Out of three X-15s built by North American for the program, Ship #3 is the only X-15 that has not survived, as it was lost on Nov. 15, 1967.
X-15-1, serial number 56-6670, is now located at the National Air and Space museum, Washington DC. North American X-15A-2, serial number 56-6671, is at the United States Air Force Museum, Wright-Patterson AFB, Ohio.
Here’s the story of that last mission:
On 15 November 1967, Ship #3 was launched over Delamar Lake, Nevada with Maj. Michael J. Adams at the controls. The vehicle soon reached a speed of Mach 5.2, and a peak altitude of 266,000 feet.
During the climb, an electrical disturbance degraded the aircraft’s controllability. Ship #3 began a slow drift in heading, which soon became a spin. Adams radioed that the X-15 “seems squirrelly” and then said “I’m in a spin.”
Through some combination of pilot technique and basic aerodynamic stability, Adams recovered from the spin and entered an inverted Mach 4.7 dive. As the X-15 plummeted into the increasingly thicker atmosphere, the Honeywell adaptive flight control system caused the vehicle to begin oscillating. As the pitching motion increased, aerodynamic forces finally broke the aircraft into several major pieces.
Adams was killed when the forward fuselage impacted the desert. This was the only fatal accident during the entire X-15 program. The canopy from Ship #3, recovered during the original search in 1967, is displayed at the San Diego Aerospace Museum, San Diego, California.
Parts of the crashed X-15-3, serial number 56-6672, recovered in 1992 by Peter Merlin and Tony Moore (The X-Hunters) are on display at the Air Force Flight Test Center Museum at Edwards.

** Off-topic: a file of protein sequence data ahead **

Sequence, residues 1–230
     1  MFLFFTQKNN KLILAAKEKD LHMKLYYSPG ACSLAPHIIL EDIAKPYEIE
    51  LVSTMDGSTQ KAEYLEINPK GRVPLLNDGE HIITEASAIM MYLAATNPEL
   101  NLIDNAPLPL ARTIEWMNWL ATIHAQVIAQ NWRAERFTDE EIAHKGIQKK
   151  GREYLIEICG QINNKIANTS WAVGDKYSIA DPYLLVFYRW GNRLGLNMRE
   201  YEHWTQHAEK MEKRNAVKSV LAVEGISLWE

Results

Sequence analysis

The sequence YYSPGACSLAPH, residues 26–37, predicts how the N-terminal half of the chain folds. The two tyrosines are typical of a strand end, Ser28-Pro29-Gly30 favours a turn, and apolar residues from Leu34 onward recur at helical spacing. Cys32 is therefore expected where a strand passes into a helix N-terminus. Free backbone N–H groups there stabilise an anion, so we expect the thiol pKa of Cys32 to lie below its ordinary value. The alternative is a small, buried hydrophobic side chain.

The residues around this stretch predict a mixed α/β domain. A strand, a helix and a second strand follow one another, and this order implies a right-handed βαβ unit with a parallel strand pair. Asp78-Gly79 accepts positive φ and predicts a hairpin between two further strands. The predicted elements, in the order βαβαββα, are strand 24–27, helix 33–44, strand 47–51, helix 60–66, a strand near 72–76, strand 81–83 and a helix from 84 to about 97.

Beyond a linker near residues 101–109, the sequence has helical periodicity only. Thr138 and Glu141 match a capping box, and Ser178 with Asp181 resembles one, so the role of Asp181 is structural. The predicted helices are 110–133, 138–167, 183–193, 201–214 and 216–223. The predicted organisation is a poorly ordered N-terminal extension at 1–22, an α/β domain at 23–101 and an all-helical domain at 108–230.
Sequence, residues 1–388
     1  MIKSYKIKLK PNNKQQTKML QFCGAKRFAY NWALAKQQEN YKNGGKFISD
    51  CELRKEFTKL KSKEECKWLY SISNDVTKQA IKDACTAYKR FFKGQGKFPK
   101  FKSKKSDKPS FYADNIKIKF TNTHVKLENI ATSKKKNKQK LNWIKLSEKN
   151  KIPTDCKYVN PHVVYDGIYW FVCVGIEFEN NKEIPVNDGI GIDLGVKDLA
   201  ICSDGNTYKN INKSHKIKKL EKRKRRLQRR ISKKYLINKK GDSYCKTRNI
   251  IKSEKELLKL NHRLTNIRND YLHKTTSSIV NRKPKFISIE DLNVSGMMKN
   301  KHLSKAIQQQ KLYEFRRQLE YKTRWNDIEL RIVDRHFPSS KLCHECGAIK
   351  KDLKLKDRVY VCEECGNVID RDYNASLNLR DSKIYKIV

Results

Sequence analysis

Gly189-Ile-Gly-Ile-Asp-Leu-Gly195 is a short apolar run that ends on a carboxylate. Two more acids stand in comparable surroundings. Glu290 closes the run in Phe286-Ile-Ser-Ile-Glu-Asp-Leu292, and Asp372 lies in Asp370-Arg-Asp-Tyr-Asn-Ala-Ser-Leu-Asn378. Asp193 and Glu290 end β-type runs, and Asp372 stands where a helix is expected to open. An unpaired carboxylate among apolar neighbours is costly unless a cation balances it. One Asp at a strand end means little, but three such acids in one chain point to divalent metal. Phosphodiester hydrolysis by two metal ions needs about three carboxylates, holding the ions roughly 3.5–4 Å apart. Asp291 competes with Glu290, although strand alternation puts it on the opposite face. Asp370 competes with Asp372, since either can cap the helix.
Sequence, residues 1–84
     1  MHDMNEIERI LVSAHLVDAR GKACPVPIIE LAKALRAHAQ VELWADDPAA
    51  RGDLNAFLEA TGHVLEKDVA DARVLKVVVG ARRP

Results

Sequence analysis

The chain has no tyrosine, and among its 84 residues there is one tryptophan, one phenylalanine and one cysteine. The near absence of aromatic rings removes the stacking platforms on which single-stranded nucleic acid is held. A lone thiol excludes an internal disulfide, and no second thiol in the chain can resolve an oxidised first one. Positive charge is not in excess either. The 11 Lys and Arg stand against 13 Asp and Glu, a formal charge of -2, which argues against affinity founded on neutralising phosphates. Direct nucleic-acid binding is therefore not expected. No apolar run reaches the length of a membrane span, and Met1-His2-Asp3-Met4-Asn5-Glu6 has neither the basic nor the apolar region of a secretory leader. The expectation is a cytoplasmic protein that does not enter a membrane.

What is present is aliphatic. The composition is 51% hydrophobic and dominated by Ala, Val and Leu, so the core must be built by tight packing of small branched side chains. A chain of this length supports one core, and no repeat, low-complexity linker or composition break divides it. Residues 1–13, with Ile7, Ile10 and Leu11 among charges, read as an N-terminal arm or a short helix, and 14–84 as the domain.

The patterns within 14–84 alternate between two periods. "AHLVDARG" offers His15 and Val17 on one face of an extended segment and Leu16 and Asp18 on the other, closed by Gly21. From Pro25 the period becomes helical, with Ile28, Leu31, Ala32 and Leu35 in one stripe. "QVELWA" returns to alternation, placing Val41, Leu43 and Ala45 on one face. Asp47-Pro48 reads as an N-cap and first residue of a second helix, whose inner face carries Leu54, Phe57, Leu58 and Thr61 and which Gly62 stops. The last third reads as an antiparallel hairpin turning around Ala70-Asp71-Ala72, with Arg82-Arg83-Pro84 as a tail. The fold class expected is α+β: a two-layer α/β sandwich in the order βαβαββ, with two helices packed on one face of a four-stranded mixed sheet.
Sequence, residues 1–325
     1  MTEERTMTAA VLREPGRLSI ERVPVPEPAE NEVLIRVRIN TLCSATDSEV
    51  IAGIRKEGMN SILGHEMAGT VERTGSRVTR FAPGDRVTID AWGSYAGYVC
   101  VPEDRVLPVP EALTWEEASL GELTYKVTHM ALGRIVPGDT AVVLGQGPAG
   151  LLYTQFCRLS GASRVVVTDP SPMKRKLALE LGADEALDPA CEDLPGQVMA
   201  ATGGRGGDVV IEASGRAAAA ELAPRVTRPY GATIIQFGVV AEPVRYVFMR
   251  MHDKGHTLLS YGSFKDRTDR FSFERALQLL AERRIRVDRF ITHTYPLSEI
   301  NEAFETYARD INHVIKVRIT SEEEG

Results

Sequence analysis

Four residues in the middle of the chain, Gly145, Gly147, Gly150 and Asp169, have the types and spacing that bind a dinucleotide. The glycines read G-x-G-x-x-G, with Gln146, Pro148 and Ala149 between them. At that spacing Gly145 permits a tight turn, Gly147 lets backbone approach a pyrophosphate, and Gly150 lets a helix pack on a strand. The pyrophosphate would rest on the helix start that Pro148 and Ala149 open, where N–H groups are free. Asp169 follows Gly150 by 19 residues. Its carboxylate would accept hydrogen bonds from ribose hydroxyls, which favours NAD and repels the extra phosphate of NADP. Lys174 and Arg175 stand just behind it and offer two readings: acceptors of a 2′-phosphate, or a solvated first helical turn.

According to NASA, the X-15s made a total of 199 flights over a period of nearly 10 years (from June 1959 to Oct. 1968) and set world’s unofficial speed and altitude records of 4,520 miles per hour or Mach 6.7 (set by Ship #2) and 354,200 feet (set by Ship #3).
The NASA Engineering Safety Center provided a case study presentation on this very flight. It was a very detailed look at the factors involved in this crash: https://mediaex-server.larc.nasa.gov/Academy/Play/afbbfa1bb74243aeab139db4c110c2021d?catalog=8e500782-c73d-4bc2-ad69-cf59aec8420c
I have the utmost respect for pilots and test pilots in particular. These guys brave the unknown. RIP the brave pilots who lost their lives.
Maj. Michael J. Adams and so many other test pilots gave their lives in pursuit of exploration and scientific research pushing the boundaries in aircraft that were way ahead of their time. They’ve all contributed to the monumental advances in flight and technology that we have benefited from in the past 70 years.
I never understood the use of ammonia as a fuel in the X15. I can’t remember other rockets using it and it had not the best specific impluse nor, I guess, it was the easiest to handle (being toxic and cryogenic). Kerosene would have been easier to handle and methane has higher performance.